Alleviating perinatal depressive symptoms and stress: a nurse-community health worker randomized trial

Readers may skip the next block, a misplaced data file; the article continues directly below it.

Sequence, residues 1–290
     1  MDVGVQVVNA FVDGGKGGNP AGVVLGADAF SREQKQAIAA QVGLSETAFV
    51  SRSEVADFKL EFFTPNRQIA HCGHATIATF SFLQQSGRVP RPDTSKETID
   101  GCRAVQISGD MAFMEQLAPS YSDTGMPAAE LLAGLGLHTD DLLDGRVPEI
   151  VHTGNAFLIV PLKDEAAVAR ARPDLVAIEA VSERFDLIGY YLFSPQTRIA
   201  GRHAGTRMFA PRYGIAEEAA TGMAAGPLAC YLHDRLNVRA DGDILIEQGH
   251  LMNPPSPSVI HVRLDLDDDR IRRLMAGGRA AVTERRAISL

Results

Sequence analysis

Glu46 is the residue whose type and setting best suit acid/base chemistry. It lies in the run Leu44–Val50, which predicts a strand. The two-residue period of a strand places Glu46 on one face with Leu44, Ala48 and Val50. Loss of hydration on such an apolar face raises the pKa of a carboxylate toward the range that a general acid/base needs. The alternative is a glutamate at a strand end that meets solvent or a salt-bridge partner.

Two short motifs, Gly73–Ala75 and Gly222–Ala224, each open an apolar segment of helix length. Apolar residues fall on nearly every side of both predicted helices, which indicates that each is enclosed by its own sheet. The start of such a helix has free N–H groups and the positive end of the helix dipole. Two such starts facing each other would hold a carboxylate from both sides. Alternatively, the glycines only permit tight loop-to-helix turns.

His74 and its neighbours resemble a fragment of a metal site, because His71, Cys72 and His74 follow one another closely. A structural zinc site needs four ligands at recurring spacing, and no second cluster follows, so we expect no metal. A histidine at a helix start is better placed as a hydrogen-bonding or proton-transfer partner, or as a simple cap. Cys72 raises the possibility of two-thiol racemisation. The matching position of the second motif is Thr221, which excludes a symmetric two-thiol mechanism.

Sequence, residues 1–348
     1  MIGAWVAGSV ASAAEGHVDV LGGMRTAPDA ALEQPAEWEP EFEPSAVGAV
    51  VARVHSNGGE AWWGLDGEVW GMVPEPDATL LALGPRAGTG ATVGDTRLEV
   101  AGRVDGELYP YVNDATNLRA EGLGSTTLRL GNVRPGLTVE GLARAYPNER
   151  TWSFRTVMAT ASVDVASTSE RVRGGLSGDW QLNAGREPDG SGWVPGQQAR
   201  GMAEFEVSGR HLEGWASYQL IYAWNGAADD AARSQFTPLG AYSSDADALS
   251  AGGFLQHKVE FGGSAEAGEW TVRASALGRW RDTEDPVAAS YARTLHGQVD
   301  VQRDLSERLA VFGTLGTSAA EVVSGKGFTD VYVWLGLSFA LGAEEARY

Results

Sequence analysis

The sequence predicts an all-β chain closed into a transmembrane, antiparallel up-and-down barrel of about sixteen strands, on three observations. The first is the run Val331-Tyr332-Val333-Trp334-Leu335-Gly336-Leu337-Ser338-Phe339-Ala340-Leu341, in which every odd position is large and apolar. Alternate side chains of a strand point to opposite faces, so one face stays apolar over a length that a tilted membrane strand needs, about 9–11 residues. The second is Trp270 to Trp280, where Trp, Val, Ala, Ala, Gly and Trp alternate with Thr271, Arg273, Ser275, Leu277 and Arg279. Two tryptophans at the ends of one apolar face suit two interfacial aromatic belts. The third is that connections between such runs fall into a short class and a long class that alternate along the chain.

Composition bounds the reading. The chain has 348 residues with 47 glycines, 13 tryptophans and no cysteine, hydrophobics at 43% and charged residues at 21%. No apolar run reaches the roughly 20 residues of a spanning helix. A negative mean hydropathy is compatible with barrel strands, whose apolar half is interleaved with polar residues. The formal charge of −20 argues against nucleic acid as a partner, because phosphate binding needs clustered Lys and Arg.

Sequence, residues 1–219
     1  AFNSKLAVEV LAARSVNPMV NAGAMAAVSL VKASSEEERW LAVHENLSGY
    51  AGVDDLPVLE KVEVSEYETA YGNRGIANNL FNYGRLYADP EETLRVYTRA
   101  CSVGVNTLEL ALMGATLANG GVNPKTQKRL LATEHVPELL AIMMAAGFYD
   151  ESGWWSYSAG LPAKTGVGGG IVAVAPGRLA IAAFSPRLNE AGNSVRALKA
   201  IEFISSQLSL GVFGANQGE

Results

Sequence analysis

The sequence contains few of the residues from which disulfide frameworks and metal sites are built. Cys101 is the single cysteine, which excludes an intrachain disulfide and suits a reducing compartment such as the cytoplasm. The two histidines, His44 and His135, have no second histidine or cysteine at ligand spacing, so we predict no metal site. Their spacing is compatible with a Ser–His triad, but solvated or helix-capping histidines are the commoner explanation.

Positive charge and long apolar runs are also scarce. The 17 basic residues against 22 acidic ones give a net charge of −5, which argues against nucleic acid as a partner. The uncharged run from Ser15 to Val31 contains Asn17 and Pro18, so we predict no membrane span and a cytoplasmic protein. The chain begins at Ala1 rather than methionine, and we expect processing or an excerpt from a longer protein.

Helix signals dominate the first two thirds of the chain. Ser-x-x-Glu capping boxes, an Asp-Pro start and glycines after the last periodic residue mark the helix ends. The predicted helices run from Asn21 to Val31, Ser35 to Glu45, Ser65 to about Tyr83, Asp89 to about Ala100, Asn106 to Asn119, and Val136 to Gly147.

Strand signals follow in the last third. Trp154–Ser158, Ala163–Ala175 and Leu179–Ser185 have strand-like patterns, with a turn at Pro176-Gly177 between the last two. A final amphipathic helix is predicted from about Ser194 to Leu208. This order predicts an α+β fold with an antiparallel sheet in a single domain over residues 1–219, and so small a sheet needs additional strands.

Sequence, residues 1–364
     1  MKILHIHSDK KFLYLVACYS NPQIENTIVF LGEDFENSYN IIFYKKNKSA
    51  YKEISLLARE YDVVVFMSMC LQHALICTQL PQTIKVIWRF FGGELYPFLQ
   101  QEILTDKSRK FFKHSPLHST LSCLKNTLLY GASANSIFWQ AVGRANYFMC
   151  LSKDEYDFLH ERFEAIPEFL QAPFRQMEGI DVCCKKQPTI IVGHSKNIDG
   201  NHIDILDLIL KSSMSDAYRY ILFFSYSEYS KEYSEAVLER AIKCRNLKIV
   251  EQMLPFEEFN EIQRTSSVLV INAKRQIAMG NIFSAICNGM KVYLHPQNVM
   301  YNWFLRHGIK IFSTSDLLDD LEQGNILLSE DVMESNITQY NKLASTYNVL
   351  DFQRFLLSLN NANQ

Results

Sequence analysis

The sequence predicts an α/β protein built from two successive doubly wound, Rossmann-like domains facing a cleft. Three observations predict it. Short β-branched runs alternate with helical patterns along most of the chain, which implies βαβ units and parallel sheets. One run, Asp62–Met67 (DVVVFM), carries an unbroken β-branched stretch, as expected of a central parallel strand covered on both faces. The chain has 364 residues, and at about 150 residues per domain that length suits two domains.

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To determine whether a Nurse-Community Health Worker (CHW) home visiting team, in the context of a Medicaid enhanced prenatal/postnatal services (EPS), would demonstrate greater reduction of depressive symptoms and stress and improvement of psychosocial resources (mastery, self-esteem, social support) when compared with usual Community Care (CC) that includes Medicaid EPS delivered by professionals. Greatest program benefits were expected for women who reported low psychosocial resources, high stress, or both at the time of enrollment. Medicaid eligible pregnant women (N = 613) were randomly assigned to either usual CC or the Nurse-CHW team. Mixed effects regression was used to analyze up to five prenatal and postnatal psychosocial assessments. Compared to usual CC, assignment to the Nurse-CHW team resulted in significantly fewer depressive symptoms, and as hypothesized, reductions in depressive symptoms were most pronounced for women with low psychosocial resources, high stress, or both high stress and low resources. Outcomes for mastery and stress approached statistical significance, with the women in the Nurse-CHW group reporting less stress and greater mastery. Women in the Nurse-CHW group with low psychosocial resources reported significantly less perceived stress than women in usual CC. No differences between the groups were found for self-esteem and social support. A Nurse-CHW team approach to EPS demonstrated advantage for alleviating depressive symptoms in Medicaid eligible women compared to CC, especially for women at higher risk.